State officials said no decision has yet been made on whether to move this population into the exchange or to continue to provide insurance through FamilyCare. But given the governor’s proposal to freeze enrollment levels for adults in the program, some observers believe that it is likely these people will end up in the exchange come 2014.
There is also NJ Protect, a state-run program that was required by the ACA and provides subsidized coverage to patients with pre-existing conditions. The program now has about 500 members, McKnight said, almost double the number it had at the start of the year. Although consumer protections in New Jersey required insurance companies to offer plans to such patients, the cost was out of reach for some. NJ Protect is essentially a bridge for these patients, providing coverage until they can move into the exchange in 2014, where, if income-eligible, they will receive tax credits to offset the costs.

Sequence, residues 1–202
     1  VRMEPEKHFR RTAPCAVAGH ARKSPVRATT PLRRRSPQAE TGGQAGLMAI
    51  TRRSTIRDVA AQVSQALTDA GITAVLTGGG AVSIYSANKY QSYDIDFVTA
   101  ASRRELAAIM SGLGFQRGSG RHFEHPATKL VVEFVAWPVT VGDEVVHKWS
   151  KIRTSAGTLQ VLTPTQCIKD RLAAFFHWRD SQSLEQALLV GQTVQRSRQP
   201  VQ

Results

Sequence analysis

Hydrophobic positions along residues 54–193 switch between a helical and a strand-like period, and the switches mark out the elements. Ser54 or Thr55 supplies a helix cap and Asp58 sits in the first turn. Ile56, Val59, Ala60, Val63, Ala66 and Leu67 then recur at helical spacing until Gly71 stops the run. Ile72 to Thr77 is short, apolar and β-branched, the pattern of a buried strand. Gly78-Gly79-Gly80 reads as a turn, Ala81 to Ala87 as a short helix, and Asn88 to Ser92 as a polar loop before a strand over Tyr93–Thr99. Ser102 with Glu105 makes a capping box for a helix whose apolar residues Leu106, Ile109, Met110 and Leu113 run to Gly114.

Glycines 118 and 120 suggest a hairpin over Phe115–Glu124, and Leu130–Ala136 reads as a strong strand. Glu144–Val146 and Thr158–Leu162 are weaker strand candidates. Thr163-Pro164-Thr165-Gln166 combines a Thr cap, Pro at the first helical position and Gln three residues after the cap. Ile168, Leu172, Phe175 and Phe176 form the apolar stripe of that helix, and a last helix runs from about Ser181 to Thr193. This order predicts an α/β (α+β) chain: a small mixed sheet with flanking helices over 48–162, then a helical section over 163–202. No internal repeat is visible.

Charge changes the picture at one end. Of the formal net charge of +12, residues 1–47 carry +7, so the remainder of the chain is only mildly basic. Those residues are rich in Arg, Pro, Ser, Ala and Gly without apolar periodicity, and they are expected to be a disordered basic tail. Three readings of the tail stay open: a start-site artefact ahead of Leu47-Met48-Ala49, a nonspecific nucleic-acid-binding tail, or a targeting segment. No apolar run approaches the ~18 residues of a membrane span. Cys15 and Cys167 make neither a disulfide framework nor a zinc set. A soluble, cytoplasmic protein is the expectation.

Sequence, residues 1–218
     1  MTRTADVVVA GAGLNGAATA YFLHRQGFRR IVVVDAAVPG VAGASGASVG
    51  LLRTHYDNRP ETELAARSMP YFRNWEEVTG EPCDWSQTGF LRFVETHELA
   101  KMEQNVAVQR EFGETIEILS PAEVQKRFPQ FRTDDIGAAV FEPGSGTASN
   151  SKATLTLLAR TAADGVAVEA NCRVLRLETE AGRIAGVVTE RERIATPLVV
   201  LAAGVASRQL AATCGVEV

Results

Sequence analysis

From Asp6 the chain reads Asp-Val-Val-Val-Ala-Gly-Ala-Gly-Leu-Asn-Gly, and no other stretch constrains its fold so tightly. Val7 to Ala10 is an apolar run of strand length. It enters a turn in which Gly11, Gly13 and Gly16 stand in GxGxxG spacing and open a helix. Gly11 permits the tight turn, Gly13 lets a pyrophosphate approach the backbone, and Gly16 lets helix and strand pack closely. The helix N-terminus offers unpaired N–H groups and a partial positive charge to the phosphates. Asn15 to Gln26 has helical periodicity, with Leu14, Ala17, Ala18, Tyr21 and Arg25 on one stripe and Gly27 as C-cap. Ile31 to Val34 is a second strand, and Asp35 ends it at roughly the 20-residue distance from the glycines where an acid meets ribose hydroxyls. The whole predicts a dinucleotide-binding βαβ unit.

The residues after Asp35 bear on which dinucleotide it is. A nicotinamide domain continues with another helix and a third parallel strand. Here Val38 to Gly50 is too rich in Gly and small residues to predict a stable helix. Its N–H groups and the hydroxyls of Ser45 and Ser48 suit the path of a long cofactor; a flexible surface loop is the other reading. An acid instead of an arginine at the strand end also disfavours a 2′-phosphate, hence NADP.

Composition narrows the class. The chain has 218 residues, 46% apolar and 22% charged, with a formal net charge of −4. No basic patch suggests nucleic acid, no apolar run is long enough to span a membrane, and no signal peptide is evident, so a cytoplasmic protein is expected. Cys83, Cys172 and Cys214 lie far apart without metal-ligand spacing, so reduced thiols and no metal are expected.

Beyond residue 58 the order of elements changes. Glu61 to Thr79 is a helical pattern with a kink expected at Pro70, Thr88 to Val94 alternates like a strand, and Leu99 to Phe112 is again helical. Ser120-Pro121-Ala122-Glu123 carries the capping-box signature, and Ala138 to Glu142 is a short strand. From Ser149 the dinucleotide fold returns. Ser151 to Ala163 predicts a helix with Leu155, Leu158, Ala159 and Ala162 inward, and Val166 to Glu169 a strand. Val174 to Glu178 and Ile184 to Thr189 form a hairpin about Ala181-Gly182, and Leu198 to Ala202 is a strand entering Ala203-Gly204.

While most states are still in the design stage, experts often look to exchange programs already in operation in two states: Massachusetts and Utah. And many note these two examples could not be more different, or “opposite points on a continuum of what exchanges can provide for consumers and small businesses,” according to a recent report from Georgetown University’s Health Policy Institute, which was published by the Robert Wood Johnson Foundation. Both programs were established in the late 2000s as part of state-led healthcare reforms, before the federal law took effect.